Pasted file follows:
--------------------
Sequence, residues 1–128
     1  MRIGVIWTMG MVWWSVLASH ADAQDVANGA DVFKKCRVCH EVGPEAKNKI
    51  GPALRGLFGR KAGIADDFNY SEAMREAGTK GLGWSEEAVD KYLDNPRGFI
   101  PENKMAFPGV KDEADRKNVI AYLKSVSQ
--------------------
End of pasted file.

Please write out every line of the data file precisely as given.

Sequence, residues 1–128
     1  MRIGVIWTMG MVWWSVLASH ADAQDVANGA DVFKKCRVCH EVGPEAKNKI
    51  GPALRGLFGR KAGIADDFNY SEAMREAGTK GLGWSEEAVD KYLDNPRGFI
   101  PENKMAFPGV KDEADRKNVI AYLKSVSQ